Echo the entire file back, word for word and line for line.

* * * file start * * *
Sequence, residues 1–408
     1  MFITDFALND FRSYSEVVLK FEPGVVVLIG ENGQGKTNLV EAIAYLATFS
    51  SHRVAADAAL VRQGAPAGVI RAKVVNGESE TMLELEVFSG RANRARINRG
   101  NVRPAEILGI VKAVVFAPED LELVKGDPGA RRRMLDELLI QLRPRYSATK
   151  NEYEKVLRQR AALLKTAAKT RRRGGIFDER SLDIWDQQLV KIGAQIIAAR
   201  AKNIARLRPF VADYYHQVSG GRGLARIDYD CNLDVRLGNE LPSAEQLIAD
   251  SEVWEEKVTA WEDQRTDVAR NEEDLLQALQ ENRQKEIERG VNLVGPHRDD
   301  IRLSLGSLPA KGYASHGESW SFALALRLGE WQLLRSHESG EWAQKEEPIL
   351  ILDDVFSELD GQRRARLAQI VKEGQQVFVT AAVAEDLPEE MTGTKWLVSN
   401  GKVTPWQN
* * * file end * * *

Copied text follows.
Sequence, residues 1–408
     1  MFITDFALND FRSYSEVVLK FEPGVVVLIG ENGQGKTNLV EAIAYLATFS
    51  SHRVAADAAL VRQGAPAGVI RAKVVNGESE TMLELEVFSG RANRARINRG
   101  NVRPAEILGI VKAVVFAPED LELVKGDPGA RRRMLDELLI QLRPRYSATK
   151  NEYEKVLRQR AALLKTAAKT RRRGGIFDER SLDIWDQQLV KIGAQIIAAR
   201  AKNIARLRPF VADYYHQVSG GRGLARIDYD CNLDVRLGNE LPSAEQLIAD
   251  SEVWEEKVTA WEDQRTDVAR NEEDLLQALQ ENRQKEIERG VNLVGPHRDD
   301  IRLSLGSLPA KGYASHGESW SFALALRLGE WQLLRSHESG EWAQKEEPIL
   351  ILDDVFSELD GQRRARLAQI VKEGQQVFVT AAVAEDLPEE MTGTKWLVSN
   401  GKVTPWQN